Current shortage of vessel capacity and container equipment is a supply side problem, says Sea-Intelligence.
Well known global shipping consultancy Sea-Intelligence has produced an analysis concluding that “there is no global container shipping boom” and the current shortage of vessel capacity and container equipment “must primarily be driven by supply-side effects. As more capacity is currently deployed than ever before, the shortage must in turn be caused by poor utilisation of the deployed assets, specifically due to the unprecedented levels of congestion and the resulting vessel delays,” said Alan Murphy, CEO, Sea-Intelligence.
Key gateways such as Los Angeles and Long Beach have experienced record levels of container throughput over the last six months, but Sea-Intelligence says the gap between demand for global container shipping and supply is primarily caused by congestion and delays tying up assets and reducing overall capacity, rather than a huge increase in demand.
“To investigate how much capacity the vessel delays effectively are removing from the market, we followed a simple approach. As an example, a carrier offers a 6-week roundtrip service with 6 x 10,000 TEU vessels. If vessels are then 5 days late on the head-haul and 2 days on the back-haul, it increases the round-trip to 7 weeks, requiring one additional 10,000 TEU vessel to compensate for the delay-induced loss of capacity. So to maintain the same weekly capacity, the carrier defacto needs to increase nominal capacity by 16.7%. The effect of this is exactly the same, as if market demand had increased by 16.7%, as that would have required the same injection of net capacity in the market,” Murphy said.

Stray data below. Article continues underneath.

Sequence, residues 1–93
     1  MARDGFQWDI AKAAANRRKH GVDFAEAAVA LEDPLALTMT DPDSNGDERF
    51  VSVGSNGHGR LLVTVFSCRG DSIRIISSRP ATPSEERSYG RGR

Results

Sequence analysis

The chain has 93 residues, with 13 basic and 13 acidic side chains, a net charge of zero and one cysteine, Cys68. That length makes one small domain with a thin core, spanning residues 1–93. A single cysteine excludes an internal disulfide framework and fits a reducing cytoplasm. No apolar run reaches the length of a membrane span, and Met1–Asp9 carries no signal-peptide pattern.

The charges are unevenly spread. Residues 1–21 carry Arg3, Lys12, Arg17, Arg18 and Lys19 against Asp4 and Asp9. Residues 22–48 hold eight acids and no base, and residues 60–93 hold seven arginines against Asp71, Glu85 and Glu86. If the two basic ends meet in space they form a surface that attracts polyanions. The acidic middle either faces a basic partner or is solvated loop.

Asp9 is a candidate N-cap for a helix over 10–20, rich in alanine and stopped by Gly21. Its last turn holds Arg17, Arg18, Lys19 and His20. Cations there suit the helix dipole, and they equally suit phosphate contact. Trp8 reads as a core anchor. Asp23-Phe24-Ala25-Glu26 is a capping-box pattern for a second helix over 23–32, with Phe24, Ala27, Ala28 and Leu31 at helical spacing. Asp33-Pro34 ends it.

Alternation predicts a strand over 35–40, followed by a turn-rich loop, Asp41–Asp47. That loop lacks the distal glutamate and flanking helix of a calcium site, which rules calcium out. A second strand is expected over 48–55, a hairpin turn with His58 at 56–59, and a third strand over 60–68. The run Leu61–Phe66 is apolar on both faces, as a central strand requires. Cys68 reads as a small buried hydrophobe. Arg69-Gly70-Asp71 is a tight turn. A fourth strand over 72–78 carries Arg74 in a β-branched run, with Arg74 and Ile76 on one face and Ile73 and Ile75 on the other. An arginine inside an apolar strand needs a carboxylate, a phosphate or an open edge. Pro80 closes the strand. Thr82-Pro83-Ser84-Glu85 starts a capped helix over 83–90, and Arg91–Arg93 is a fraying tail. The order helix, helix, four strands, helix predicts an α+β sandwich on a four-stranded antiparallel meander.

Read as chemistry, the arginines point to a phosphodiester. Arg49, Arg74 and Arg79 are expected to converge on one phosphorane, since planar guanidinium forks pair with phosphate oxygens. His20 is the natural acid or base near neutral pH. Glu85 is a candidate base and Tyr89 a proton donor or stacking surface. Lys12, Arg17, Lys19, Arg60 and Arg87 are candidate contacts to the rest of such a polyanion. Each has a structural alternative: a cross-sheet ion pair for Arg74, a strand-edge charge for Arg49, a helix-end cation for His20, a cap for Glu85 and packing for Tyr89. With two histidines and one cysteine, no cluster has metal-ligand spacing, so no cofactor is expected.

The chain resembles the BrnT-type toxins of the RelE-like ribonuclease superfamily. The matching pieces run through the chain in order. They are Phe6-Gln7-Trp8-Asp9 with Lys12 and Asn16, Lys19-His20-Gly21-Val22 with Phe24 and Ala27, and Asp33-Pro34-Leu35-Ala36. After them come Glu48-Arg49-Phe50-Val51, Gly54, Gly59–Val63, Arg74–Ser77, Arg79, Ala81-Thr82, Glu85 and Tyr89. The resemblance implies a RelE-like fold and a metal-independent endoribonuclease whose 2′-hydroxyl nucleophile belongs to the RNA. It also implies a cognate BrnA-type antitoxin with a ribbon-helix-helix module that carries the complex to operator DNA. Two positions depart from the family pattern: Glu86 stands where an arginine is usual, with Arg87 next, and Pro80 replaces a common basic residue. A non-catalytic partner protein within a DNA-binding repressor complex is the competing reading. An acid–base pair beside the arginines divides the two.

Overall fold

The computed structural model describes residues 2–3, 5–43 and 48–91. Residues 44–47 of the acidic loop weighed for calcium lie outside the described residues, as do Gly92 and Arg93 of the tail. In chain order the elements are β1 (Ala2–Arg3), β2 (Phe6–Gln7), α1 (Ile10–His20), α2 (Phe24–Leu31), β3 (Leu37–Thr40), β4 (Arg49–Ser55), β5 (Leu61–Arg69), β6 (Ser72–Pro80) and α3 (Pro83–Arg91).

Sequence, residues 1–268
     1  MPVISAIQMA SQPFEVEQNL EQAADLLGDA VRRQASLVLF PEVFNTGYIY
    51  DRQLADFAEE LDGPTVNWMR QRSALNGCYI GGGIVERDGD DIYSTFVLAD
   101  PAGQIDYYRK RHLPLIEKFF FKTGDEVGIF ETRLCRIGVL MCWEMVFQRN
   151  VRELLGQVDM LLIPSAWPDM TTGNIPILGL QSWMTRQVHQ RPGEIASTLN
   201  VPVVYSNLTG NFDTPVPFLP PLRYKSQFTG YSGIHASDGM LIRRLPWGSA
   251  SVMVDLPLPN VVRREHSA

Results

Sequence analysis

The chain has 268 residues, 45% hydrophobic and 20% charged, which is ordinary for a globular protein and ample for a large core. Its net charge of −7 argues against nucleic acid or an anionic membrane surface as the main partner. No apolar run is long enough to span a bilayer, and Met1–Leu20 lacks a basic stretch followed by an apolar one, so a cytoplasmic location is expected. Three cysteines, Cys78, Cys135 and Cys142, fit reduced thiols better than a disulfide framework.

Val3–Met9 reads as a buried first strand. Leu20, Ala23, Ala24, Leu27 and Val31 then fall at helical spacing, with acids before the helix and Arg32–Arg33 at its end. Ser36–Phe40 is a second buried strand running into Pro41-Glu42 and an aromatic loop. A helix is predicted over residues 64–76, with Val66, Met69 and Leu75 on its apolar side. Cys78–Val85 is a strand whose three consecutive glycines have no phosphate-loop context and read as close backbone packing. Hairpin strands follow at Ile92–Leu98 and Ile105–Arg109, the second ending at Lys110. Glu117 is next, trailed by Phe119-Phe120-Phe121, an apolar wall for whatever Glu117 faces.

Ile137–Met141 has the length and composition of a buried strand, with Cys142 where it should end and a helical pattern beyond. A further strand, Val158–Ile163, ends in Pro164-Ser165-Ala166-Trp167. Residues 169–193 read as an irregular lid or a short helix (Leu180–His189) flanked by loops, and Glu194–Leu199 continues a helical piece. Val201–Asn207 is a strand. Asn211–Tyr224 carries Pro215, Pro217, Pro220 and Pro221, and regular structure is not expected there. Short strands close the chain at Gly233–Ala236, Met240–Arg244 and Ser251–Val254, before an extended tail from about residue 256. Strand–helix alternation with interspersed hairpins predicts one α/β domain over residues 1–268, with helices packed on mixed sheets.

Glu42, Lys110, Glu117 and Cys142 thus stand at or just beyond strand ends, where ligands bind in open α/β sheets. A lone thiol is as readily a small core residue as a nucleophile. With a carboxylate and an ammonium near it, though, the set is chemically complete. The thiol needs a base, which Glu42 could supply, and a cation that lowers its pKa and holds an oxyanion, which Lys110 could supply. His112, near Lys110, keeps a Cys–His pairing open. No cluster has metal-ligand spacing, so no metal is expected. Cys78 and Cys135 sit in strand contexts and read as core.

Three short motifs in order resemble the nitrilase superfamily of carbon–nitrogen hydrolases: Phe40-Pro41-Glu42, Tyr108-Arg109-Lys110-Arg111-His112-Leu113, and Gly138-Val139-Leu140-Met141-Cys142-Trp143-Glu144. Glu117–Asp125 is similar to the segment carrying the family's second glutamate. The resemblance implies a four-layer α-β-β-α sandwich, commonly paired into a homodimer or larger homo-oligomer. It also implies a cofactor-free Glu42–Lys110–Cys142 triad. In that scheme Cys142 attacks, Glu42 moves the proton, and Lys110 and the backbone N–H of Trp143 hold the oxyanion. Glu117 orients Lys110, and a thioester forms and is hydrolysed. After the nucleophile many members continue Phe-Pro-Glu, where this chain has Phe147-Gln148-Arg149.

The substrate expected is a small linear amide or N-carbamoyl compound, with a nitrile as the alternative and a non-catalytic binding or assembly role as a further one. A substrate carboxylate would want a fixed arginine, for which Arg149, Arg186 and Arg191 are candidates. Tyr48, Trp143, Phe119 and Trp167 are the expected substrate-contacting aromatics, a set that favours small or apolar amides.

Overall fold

Using data its Global Liner Performance (GLP) and Trade Capacity Outlook (TCO) databases, Sea-Intelligence calculated that some 2-4% of capacity is usually “lost” to vessels delays. That number has increased ten fold on some trades thus year: “approximately 25% of the capacity deployed on Transpacific in January-April 2021 has been soaked up by vessel delays, far outpacing the 17% soaked up by the 2015 US West Coast labour dispute. While Asia-Europe has seen less dramatic congestion and delays, a full 11% of the capacity deployed in the first four months of 2021 was soaked by vessel delays,” Murphy continued.
So far in 2021 the peak period for vessel capacity being absorbed by congestion was February 2021, when 12% of global vessel capacity was stuck in some sort of delay. By April that figure had fallen to 8.6%. In TEU terms, some 2.8M TEU of slot capacity was absorbed in delays in February, falling to 2.1M TEU in April. “For comparison, the entire global fleet of Ultra-Large Container Vessels of 18,000 TEU and above, has a combined capacity of some 2.7 million TEU. Hence, in very real terms, the congestion problems in 2021 is of such a magnitude, that the effect is the same as if the entire industry had decided to remove all Ultra-Large Container Vessels from the fleet, without adding any new vessels,” Murphy concluded.
WCN Editorial — 09 Jun 2021